FIRM ORDERED TO PAY GUARDS
Ministry says striking guards must get salaries
The Ministry of Labour has ordered a security firm whose workers are on strike over delayed salaries to pay up.
The move came in response to ongoing action involving hundreds of security guards.
Some 600 personnel work for the Al Quoz company earlier this month said they have not been paid since December.
About 200 have returned to work but many have refused until they receive their dues. Most earn Dhs1,750 to Dhs2,000 guarding hotels, offices and hospitals.
The firm had paid January’s and half of February’s wages as of Thursday. It said it has struggled to get clients to pay up, which it said has caused the backlog.
Maher Al Obad, Assistant Undersecretary for Labour Inspection Affairs, told 7DAYS: “The ministry is closely monitoring the situation of about 600 workers who have stopped working in demand of four months delayed salaries. The ministry will refer the company to public prosecution if no mecha- nism for payment of workers’ dues is made.” The firm and the security guards 7DAYS spoke to said the row has been ongoing since the start of this year and culminated in a strike that police were called to on May 12. Both the ministry and striking workers said that many have asked for their final salaries to be given and their documents returned so they can fly back to their home countries. Others said they wish to stay with their company. An Egyptian security guard, Mohammed, 29, said yesterday: “I need this job to support myself and my family back in Egypt. I have plans to get married soon, as well. I hope to receive my delayed salaries and continue working.”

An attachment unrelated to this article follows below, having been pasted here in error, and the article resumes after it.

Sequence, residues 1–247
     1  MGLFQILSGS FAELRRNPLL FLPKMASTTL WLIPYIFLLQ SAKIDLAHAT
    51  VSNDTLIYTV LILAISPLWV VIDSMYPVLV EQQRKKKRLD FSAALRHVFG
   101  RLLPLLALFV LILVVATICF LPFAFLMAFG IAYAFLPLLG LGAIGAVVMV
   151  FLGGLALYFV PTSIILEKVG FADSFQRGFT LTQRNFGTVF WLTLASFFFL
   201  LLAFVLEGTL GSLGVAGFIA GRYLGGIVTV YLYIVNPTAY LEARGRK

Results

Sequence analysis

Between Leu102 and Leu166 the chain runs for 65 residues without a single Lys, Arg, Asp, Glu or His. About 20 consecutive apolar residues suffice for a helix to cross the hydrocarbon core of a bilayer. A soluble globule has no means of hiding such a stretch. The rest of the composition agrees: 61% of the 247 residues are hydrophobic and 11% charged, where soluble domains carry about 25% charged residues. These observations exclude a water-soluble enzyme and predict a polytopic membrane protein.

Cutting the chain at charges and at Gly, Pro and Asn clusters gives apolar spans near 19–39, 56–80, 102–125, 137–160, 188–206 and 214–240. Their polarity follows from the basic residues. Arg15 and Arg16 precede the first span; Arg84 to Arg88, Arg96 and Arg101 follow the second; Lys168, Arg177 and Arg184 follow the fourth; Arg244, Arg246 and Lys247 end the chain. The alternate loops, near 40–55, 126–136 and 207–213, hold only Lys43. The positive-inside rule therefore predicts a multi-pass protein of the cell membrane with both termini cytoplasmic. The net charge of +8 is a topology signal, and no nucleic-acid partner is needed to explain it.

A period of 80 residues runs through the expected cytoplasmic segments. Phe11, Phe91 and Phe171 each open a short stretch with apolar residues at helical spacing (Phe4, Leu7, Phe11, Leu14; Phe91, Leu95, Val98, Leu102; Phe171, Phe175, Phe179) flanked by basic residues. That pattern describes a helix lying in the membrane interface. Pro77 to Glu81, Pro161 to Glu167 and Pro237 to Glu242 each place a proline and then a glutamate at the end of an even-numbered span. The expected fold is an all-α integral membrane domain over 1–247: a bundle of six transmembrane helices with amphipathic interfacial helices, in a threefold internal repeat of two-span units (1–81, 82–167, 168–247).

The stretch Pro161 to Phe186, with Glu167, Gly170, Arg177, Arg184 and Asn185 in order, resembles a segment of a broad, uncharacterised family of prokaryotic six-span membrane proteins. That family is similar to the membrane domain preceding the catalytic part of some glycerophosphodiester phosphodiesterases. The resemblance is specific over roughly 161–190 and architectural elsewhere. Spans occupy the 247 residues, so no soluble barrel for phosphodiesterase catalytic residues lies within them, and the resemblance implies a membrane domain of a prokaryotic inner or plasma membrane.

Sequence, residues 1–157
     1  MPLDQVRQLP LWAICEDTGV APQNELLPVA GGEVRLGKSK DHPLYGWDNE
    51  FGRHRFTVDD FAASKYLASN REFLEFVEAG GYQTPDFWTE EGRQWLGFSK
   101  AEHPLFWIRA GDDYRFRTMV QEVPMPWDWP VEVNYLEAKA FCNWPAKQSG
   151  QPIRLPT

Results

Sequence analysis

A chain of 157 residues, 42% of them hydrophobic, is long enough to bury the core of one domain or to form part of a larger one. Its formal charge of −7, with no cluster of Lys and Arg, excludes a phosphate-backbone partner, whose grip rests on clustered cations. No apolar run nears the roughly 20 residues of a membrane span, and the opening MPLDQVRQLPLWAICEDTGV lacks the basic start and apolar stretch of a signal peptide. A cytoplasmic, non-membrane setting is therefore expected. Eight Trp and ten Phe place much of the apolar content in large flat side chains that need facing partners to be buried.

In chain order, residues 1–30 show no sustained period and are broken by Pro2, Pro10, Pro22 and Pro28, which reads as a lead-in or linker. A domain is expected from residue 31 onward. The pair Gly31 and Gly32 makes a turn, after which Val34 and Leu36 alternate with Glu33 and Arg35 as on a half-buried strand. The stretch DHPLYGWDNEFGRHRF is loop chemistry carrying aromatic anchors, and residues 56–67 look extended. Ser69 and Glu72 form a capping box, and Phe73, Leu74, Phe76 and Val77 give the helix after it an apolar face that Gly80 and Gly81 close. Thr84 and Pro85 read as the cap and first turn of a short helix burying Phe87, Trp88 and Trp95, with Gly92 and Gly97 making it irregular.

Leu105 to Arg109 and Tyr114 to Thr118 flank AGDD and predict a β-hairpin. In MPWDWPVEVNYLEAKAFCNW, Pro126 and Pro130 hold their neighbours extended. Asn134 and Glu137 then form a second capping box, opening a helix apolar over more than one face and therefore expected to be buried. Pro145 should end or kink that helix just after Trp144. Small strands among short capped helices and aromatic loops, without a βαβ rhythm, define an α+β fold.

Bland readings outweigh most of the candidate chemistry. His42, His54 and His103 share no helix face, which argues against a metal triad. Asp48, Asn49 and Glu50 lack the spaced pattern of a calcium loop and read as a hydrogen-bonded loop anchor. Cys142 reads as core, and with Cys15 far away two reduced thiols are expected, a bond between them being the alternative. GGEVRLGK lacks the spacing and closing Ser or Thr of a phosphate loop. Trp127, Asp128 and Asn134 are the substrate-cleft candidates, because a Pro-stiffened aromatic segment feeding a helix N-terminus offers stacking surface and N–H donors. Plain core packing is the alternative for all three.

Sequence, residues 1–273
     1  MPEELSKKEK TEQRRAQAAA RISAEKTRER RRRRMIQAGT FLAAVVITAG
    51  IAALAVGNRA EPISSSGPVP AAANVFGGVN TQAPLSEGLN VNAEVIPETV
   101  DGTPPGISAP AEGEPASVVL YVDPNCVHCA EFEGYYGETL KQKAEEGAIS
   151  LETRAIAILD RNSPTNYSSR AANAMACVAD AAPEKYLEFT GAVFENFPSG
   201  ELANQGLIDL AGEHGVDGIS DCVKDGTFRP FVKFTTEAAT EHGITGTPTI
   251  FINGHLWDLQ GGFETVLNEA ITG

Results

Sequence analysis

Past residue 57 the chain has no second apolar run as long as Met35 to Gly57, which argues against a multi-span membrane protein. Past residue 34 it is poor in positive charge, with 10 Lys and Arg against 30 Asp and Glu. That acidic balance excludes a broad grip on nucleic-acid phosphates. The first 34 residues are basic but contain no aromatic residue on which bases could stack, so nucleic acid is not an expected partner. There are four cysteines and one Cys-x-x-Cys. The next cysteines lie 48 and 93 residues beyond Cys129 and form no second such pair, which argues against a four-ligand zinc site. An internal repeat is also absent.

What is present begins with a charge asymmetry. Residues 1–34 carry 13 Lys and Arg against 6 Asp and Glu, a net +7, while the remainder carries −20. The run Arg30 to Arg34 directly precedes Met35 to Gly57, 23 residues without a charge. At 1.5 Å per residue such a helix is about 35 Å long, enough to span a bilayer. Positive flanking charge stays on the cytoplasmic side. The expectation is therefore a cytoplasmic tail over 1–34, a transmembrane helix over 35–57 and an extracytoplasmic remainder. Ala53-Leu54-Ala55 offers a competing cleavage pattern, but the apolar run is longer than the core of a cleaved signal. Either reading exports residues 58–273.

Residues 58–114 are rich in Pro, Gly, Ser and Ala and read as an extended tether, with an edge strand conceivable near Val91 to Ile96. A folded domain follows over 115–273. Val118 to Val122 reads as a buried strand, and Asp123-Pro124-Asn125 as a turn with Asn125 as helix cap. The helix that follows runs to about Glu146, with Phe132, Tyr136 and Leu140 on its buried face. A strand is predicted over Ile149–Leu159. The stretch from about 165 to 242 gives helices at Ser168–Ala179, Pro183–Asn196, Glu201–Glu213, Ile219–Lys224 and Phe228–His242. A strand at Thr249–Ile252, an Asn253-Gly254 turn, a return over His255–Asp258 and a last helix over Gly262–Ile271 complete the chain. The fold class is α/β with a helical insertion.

The company’s operational manager said it will comply with the ministry’s order.
He said: “The company is currently managed by the owner’s brother and he’s willing to solve all the complications.
“He managed to speak with labourers and settled the delayed wages of 250 workers. The rest are either willing to resume working and the others want to return to their home country.”
DEMANDS: Frustrated guards speak to police at their Al Quoz accommodation earlier this month